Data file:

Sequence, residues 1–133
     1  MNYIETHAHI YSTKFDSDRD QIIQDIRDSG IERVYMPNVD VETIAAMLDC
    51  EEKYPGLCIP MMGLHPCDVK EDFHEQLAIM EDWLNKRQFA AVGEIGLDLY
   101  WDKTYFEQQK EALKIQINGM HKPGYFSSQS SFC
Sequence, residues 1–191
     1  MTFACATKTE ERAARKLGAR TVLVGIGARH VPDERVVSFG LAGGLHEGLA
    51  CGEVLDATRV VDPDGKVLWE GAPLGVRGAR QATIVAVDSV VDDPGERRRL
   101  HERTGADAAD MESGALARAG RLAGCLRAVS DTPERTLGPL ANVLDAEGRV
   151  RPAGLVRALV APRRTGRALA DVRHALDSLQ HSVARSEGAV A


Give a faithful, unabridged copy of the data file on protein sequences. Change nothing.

Sequence, residues 1–133
     1  MNYIETHAHI YSTKFDSDRD QIIQDIRDSG IERVYMPNVD VETIAAMLDC
    51  EEKYPGLCIP MMGLHPCDVK EDFHEQLAIM EDWLNKRQFA AVGEIGLDLY
   101  WDKTYFEQQK EALKIQINGM HKPGYFSSQS SFC
Sequence, residues 1–191
     1  MTFACATKTE ERAARKLGAR TVLVGIGARH VPDERVVSFG LAGGLHEGLA
    51  CGEVLDATRV VDPDGKVLWE GAPLGVRGAR QATIVAVDSV VDDPGERRRL
   101  HERTGADAAD MESGALARAG RLAGCLRAVS DTPERTLGPL ANVLDAEGRV
   151  RPAGLVRALV APRRTGRALA DVRHALDSLQ HSVARSEGAV A